The man on the other end of the line called Rabbi Weisser “Jew boy” and told him he would be sorry he had moved in. Two days later, a thick package of anti-black, anti-Semitic pamphlets arrived in the mail, including an unsigned card that read, “The KKK is watching you, scum.”

The messages, it turned out, were from Larry Trapp, the Grand Dragon of the White Knights of the Ku Klux Klan in Nebraska, who kept loaded weapons, pro-Hitler material and his Klan robe in his cramped Lincoln apartment. Then 42, Mr. Trapp was nearly blind and used a wheelchair to get around; both of his legs had been amputated because of diabetes.

Rabbi Weisser, who suspected the person threatening him was Mr. Trapp, got his telephone number and started leaving messages on the answering machine. He would say things like: ‘Larry, there’s a lot of love out there. You’re not getting any of it. Don’t you want some?’ And hang up,” he said. “And, ‘Larry, why do you love the Nazis so much? They’d have killed you first because you’re disabled.’ And hang up. The rabbi did it once a week.”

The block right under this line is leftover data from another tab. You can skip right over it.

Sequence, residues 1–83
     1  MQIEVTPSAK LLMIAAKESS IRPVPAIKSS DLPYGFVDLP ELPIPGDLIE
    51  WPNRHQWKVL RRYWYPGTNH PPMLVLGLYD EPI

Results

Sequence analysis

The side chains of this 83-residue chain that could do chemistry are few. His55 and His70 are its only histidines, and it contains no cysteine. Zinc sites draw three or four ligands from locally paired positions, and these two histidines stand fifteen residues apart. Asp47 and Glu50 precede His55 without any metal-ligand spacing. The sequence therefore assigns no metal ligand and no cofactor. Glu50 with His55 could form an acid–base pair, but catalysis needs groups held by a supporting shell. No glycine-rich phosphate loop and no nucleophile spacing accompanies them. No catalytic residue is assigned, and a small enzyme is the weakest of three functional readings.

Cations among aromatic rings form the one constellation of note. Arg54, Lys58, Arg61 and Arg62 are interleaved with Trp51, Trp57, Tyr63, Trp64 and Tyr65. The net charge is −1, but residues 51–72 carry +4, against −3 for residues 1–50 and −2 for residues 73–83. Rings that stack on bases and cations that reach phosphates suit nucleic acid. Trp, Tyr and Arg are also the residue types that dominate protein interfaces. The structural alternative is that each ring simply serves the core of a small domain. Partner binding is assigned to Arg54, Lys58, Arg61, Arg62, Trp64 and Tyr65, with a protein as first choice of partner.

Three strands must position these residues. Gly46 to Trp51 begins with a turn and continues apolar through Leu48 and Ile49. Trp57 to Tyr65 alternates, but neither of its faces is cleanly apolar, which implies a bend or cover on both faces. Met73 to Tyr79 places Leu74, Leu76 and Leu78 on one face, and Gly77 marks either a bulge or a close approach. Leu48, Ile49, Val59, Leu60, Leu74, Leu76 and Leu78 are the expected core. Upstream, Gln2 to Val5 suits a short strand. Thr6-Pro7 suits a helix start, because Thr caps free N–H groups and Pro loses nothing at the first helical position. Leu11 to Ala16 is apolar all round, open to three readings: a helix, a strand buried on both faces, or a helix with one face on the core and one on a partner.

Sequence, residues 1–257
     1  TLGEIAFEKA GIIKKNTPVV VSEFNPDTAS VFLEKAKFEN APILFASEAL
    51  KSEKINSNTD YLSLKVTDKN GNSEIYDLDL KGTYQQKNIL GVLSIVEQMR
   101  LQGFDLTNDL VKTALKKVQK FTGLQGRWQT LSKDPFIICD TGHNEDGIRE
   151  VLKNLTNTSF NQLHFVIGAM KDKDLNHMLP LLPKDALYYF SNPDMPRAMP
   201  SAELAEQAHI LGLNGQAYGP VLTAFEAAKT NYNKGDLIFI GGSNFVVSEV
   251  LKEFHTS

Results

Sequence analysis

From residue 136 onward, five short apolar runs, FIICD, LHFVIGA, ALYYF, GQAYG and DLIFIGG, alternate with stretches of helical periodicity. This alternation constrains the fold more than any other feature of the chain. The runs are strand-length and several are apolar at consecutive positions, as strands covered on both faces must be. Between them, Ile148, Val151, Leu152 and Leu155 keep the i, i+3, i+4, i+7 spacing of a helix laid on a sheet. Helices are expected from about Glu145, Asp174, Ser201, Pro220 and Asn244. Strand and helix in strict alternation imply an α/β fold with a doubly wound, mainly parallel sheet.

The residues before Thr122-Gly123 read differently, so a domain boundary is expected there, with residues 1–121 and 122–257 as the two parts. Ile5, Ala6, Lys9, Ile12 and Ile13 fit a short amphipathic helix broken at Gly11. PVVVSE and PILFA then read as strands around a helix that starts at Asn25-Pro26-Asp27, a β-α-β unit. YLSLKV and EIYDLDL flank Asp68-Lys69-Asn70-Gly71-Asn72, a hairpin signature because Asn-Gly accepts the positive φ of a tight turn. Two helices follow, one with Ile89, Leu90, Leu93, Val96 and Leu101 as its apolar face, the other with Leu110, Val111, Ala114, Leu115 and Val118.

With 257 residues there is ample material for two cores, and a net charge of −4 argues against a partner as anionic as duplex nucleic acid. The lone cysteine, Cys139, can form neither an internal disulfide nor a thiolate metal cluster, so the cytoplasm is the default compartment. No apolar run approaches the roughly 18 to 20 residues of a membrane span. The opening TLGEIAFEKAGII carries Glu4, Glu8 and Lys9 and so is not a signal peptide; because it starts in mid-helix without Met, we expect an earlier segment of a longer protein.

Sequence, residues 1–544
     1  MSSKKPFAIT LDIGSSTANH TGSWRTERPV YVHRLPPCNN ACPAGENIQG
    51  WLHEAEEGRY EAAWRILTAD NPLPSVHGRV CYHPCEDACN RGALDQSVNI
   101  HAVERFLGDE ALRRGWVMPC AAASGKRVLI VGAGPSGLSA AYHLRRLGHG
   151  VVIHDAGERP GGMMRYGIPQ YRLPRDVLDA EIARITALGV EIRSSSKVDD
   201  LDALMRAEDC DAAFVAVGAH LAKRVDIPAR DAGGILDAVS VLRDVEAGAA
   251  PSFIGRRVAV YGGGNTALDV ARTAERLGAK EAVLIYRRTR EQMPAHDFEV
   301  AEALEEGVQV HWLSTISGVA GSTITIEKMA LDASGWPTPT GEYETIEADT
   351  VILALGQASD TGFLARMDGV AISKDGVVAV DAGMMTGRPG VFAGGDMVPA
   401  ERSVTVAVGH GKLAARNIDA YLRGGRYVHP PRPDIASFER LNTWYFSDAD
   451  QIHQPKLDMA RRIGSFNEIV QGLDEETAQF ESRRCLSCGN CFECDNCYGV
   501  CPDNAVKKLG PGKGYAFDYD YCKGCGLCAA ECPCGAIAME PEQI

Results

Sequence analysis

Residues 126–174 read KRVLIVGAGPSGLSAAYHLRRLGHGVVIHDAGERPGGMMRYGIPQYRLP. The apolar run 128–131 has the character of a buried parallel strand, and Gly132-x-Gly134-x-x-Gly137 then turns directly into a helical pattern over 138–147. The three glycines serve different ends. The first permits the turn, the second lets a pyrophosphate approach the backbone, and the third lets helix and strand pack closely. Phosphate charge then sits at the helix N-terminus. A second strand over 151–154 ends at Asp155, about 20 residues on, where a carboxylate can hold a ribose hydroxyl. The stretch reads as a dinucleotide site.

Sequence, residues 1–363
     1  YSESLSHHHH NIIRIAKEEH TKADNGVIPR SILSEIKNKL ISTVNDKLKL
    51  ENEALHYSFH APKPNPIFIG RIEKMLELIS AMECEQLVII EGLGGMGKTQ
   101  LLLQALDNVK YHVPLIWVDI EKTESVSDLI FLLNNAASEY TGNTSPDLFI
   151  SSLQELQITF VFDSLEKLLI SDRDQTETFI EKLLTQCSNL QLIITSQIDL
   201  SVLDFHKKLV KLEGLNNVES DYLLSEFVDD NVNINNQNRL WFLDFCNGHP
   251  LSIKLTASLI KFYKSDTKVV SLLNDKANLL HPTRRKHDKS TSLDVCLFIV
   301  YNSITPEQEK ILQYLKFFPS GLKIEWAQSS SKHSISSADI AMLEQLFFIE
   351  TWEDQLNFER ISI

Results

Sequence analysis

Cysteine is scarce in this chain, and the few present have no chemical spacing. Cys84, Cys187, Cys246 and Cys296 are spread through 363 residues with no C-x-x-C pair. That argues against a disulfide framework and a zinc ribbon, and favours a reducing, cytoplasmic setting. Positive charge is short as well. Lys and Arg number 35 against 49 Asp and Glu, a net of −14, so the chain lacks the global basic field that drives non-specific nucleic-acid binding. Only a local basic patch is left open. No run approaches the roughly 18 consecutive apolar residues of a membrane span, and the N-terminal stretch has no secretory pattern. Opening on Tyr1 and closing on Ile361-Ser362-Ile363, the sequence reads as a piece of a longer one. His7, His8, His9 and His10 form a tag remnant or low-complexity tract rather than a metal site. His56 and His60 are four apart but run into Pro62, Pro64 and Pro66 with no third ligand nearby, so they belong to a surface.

One day, Mr. Trapp answered. Rabbi Weisser said “ ‘I heard you’re disabled. I thought you might need a ride to the grocery. ”.

Then, one night, Rabbi Weisser’s phone rang again. It was Mr. Trapp. He said, ‘I want to get out of what I’m doing and I don’t know how.’

Rabbi Weisser drove to Mr. Trapp’s apartment that night and they talked for hours, and a close friendship formed. The Rabbi’s home became a kind of hospice for Mr. Trapp, who moved into one of their bedrooms as his health worsened, and he stayed there till his death in September 1992.

By that time Mr. Trapp had renounced the Klan, apologized to many of those he had threatened, and converted to Judaism in Rabbi Weisser’s synagogue

All because there was a different power. The power of love.

That is the power of the Holy Spirit.  And you have that power. Amen.